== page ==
As each young conductor took stage to deliver their orchestral jazz composition, there was an individual story behind the music. Nicholas Urie, who left L.A. to study composition with Brookmeyer in Boston, now performing and recording internationally, premiered his piece “Finality,” which combined vocal singing with an influence of Kerouac “beatnik”-style poetry against a sometimes gritty and un-conventional key of orchestral sound. He also effectively featured a member of the orchestra for a blistering, bebop-style saxophone solo, which heightened the piece. Ayn Inserto, in her composition “Down the Rabbit Hole” drew inspiration from Alice in Wonderland (one of her husband’s favorite books) and the remembrance of the period of time they were dating, and when she fell in love. Inserto states her influence, “The Brookmeyer techniques I used for this piece were a combination of the pitch module and white note exercise.” Inserto’s lively conducting complimented spirited horn solos and some frenetic fast paced tempos that added to the beat that drives this piece. Mehemet Ali Sanlikol, a Turkish composer, had a very personal traumatic take on his orchestral piece “Temmuz.” The nature and moody sound of the piece was a direct reflection upon the helplessness and fear he experienced in the U.S. during the brutal coup d’ état attempt in Turkey on July 15, 2016, while his family (wife and daughter) were still in Turkey and he could not contact them to understand their fate. A forbearing dramatic piece “with seven-beat Turkish rhythmic cycles,” included use of traditional Turkish musical instruments, ney (end-blown flute), zurna (double reed pipe), nekkare (small kettle drums) and further complimented by Sanlikol’s exquisite and haunting vocal sound in the style of Turkish Hafiz (Koranic chanters). Beautiful and mysterious.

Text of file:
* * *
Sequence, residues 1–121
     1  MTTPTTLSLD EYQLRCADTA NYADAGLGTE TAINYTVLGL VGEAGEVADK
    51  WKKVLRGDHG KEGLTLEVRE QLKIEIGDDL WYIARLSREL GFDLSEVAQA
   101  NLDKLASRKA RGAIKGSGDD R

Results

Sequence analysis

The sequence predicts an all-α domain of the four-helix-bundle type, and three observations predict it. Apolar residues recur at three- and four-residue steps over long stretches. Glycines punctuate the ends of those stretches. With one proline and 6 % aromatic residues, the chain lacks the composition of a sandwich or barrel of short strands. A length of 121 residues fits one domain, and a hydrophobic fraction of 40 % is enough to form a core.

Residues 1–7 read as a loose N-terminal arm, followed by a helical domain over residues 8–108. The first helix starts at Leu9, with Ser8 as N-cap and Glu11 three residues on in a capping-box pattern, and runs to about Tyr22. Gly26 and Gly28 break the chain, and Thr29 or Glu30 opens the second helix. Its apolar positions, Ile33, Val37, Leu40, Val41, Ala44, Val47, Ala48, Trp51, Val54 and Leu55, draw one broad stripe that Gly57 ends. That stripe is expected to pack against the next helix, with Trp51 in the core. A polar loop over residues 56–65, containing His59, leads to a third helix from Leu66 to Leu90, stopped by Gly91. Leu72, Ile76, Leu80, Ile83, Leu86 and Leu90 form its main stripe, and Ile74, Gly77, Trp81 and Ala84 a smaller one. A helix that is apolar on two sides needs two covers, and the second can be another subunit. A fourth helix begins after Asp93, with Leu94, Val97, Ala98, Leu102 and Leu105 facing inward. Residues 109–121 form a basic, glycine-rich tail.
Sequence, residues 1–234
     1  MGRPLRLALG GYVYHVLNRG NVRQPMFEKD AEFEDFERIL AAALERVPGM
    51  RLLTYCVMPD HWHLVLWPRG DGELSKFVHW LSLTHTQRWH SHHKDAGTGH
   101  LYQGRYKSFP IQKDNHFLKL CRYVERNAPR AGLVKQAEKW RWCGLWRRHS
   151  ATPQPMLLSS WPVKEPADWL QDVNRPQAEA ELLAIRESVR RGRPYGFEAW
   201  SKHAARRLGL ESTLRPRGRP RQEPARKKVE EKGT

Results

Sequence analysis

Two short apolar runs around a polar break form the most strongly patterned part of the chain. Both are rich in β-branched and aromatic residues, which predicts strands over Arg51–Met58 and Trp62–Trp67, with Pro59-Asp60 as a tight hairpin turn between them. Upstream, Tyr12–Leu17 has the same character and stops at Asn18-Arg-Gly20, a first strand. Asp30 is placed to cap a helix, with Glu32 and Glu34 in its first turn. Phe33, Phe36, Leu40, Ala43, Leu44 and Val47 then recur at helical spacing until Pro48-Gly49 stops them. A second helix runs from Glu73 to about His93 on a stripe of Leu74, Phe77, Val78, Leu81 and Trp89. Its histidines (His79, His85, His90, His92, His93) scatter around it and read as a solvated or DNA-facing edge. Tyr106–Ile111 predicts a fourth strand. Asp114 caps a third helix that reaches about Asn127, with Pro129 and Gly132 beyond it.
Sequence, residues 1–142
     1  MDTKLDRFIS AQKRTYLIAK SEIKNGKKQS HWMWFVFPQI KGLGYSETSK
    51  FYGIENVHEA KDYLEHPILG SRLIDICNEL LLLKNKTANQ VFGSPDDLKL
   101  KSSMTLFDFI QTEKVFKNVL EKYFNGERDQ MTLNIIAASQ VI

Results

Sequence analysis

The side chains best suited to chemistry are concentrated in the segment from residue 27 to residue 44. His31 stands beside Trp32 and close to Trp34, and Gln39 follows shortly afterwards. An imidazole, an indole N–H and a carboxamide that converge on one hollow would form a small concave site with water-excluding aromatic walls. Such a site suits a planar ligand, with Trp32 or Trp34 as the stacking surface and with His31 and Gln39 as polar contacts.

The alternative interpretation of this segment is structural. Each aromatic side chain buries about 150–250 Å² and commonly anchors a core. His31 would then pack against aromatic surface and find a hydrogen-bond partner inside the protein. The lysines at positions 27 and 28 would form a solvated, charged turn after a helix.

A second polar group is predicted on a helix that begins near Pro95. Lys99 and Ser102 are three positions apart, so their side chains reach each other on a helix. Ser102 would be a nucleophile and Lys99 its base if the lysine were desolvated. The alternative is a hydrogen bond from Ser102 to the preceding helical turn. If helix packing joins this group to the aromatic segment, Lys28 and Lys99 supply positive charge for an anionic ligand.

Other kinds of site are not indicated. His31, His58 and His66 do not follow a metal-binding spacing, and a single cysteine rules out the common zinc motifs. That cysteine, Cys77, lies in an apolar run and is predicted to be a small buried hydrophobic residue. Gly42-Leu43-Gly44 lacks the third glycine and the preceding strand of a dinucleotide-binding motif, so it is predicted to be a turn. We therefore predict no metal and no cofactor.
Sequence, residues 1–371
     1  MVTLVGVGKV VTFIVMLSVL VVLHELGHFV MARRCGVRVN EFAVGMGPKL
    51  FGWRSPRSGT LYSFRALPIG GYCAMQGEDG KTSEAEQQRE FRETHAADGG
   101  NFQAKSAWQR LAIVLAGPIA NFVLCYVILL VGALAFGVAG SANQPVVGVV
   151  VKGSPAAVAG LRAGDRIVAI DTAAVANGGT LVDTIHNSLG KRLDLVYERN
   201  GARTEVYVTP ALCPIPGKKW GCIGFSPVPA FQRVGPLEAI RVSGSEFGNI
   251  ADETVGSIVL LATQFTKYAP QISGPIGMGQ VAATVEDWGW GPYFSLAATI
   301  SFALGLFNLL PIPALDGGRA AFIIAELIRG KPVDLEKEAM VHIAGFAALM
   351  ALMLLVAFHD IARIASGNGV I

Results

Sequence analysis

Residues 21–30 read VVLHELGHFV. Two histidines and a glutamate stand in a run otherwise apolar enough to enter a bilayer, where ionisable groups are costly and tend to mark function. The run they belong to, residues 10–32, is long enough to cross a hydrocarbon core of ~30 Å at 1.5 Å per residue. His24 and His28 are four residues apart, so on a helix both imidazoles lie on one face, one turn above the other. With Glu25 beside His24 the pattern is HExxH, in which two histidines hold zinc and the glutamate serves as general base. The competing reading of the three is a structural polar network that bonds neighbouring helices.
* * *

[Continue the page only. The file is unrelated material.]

Finally, internationally acclaimed composer, Grammy-nominee and recipient of the 150th NEC Anniversary commission, conductor Darcy James Argue took the stage, to debut his orchestral work “Winged Beasts.” Argue described taking exotic inspiration from symbols of ancient civilization, in the form of the colossal Assyrian “human-headed bull, lion-legged” figures placed at the entrance to the palace of King Sargon II(700 B.C.). With quick wit and humor, Argue described these creatures as an analogy to organizing the pieces of an orchestral work. In a quote from Newsweek’s Seth Cotter Walls, which could easily apply here, referring to Argue’s Secret Society 18- piece ensemble, “for a wholly original take on big band’s past, present and future, look to Darcy James Argue.” Argue delivered with complexity, and immensely entertaining value, both “in your face and then in your head.” All the moving parts came together.
As an enormous treat and finale for the event, NEC Conductor Ken Schaphorst took to the stage to introduce a special performance on lead instrument by Brian Landrus, internationally renowned jazz multi-instrumentalist(specializing in baritone and bass saxophones, bass clarinet, and alto and bass flutes), band leader and composer, to feature solo baritone saxophone playing on Brookmeyer’s “Celebration Suite” and also featuring Eric Stilwell on trombone. The sampling taken of tracks “Jig,” “Slow Dance,” “Remembering” and “Two And” are from Brookmeyer’s New Art Orchestra 1999 release New Works Celebration, which received rave reviews from DownBeat, JazzTimes, AllMusic and other notable critics. Stunning in its diversity, with a resonance and richness of full orchestral sound, each track has its own mood and pace. Brian Landrus showed off his chops with stand-out virtuoso command of the baritone saxophone, reaching beautiful lower register tones. An exquisite overall orchestral performance. A perfect ending to a special celebration and remembrance, with exceptional musicianship including the introduction of the next formidable generation of orchestral jazz composers. Bob Brookmeyer certainly would have been proud.